Defying the Odds Beyond Death
As Noah sits in the chemo chair receiving the toxic chemicals that give him searing headaches and make him vomit all day, I hear a small quavering sound from the hallway. It floats through the crack of our door like the unpleasant aroma of someone else’s lunch – one that is difficult to encounter without retching. My son and I sit, trapped by the sterile walls of the children’s hospital; he has relapsed for the first time.
“Am I going to die of cancer?" asks a young, fearful voice.
As if in a dream - more like a nightmare - some part of me registers Noah’s doctor responding in his measured but compassionate manner, “That’s a big question, James. Let’s go into my office and we can talk about it with your mom.”
The sound of a door closing resonates acutely within me as something deep inside shuts as well. I have been holding my breath, heart pounding wildly, awaiting the doctor’s response; terrified to look in Noah’s direction. Did he hear this exchange? Pain courses through my body for this young boy, my child and all the children on the Oncology floor who are faced with the probabilities of death every single day.
I surreptitiously flash a glance at my son; he is pale and waxy from the chemotherapy, his earbuds secure as he dozes in and out of awareness, comforted by his playlist.
He hasn’t heard. My breath escapes in a quivering sigh. Noah has never asked me that question.
Oh, my God, what will I say if he does?
Months later, I embrace my thirteen year old son as he asks his doctor this same searing, unfathomable question. With tears mercilessly streaming down my face, the air is sucked from my healthy lungs – lungs I wish I could transplant to my son as the cancer ravages his, drowning us both in tortured silence – as the doctor explains that Noah’s treatment is no longer working.
The answer is yes.
There is nothing left to say.
We have run out of options.
My son will die and both he and I are fully cognizant of the horror of what lays ahead.
A Door Slams Shut
The cancer is unstoppable.
The cure elusive.
Those with recurrent Ewing sarcoma reside in the realm of st@tist!cal insignificance. They are the forgotten ones, lost in the brutal reality of archaic treatments and lack of financial viability in funding research for cures. Why would pharmacy or society fund a cure for a disease that only occurs in one in 500,000 people?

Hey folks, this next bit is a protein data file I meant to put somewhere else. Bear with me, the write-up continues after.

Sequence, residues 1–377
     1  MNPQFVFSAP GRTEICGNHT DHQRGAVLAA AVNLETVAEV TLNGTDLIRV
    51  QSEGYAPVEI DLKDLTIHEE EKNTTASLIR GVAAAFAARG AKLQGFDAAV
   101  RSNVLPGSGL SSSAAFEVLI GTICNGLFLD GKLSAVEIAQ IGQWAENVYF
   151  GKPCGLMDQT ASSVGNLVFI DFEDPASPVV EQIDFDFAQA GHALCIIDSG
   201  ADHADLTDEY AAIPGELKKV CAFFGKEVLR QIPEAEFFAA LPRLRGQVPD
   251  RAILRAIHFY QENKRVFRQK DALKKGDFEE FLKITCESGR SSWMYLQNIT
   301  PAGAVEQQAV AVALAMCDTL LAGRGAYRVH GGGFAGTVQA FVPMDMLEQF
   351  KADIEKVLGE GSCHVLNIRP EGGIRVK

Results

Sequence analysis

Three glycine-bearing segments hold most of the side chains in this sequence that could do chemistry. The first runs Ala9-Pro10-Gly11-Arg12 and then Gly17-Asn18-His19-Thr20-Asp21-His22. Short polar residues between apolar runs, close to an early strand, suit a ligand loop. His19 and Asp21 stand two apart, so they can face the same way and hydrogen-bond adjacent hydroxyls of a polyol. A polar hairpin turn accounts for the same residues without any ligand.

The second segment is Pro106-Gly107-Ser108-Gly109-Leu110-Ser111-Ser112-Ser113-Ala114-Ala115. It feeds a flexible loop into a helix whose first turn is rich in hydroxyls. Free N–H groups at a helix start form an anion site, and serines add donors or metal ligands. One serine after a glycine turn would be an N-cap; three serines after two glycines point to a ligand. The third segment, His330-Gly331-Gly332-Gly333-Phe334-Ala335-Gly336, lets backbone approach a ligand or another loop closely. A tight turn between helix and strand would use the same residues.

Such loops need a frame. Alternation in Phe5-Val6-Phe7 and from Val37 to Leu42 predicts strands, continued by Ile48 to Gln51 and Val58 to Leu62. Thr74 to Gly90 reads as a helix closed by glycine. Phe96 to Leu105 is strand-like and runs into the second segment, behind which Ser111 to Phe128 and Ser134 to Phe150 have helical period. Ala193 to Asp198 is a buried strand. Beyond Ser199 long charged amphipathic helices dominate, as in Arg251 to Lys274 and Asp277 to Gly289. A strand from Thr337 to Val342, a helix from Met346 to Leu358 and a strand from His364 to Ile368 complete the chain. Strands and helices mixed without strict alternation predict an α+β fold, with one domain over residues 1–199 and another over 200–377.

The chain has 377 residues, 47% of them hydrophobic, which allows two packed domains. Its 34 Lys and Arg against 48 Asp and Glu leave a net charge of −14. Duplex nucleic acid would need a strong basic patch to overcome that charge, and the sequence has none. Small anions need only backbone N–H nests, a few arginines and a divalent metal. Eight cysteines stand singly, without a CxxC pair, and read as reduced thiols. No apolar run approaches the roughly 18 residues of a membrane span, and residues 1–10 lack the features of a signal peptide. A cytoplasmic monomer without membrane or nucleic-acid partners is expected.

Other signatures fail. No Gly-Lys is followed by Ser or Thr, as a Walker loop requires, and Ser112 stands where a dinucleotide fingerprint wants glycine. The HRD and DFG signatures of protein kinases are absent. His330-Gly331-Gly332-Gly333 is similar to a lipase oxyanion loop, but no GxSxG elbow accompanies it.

“Because the loss of a child extends far beyond the financial burden of a cure: it creates psychological and sociological ramifications for family, friends and community. Such devastating impact is impossible to measure,” answers my heart in despair.
My st@tist!cal insignificance was named Noah and he was a bright, remarkable young man with passion, determination, a tremendous love of life and will to live.
Just for the record, he wasn’t st@tist!cally insignificant to me. My heart did the math and came up with radically different results: Noah was my world, my son - the very essence of my cells. A priceless part of me died with him, never to be recovered by mathematical probabil!ties and st@tist!cs.
Back in 2012, after Noah’s initial diagnosis, I became obsessed with unearthing evidence of children who had beaten the odds – the outliers. I first read about John, Haley and Mark during the long hours, days and months when my son was hospitalized. Reading their stories of perseverance despite the brutality of their illnesses, had given me hope.
A hope that was dashed in rancid oil and ignited in flames as my son died a slow painful death at the tender age of fourteen.
But I continued to follow the stories of these three children during the dark days of loss. Some pull from beyond transfixed me as I watched these little souls survive. Most of my tattered spirit rejoiced in their resilience, their glorious defeat of cancer and other devastating events. But if I am really honest, there was a small corner of my heart that wept in guilty disillusion. Why do some survive and others not? Why my child? Was I being punished? Surely I must be a terrible person if something so tragic could befall my family.
During Noah’s passage with cancer, my soul was seared in the highs and lows of extreme emotions. In the end, there was a feeling of crushing defeat and a deep void; my worst fears had come true. Life was filled with a profound searing pain and sadness at the loss of my son. After years of devoting myself to caring for him during his battle with cancer, I was suddenly stranded, without purpose. Grief and loss catapulted me into the abyss of despair and regret.
Clawing my way back to the light led me on a quest to find meaning in that which was seemingly meaningless. All the tears I had cried, all the mornings I had woken terrified, feeling unable to go on and all the sadness and anxiety I had felt in knowing my child could leave at any time, had led me here. I had known the torment of seeing my child suffer and die a merciless death; crushed in the certainty that I could not bear to live another day without him.